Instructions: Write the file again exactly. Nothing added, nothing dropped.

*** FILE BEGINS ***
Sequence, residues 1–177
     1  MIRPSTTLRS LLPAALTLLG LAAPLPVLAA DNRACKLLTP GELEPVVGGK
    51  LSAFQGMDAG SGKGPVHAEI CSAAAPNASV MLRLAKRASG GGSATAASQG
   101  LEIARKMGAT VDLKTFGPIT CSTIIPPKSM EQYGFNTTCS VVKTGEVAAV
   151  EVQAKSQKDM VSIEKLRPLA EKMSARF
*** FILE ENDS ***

Sequence, residues 1–177
     1  MIRPSTTLRS LLPAALTLLG LAAPLPVLAA DNRACKLLTP GELEPVVGGK
    51  LSAFQGMDAG SGKGPVHAEI CSAAAPNASV MLRLAKRASG GGSATAASQG
   101  LEIARKMGAT VDLKTFGPIT CSTIIPPKSM EQYGFNTTCS VVKTGEVAAV
   151  EVQAKSQKDM VSIEKLRPLA EKMSARF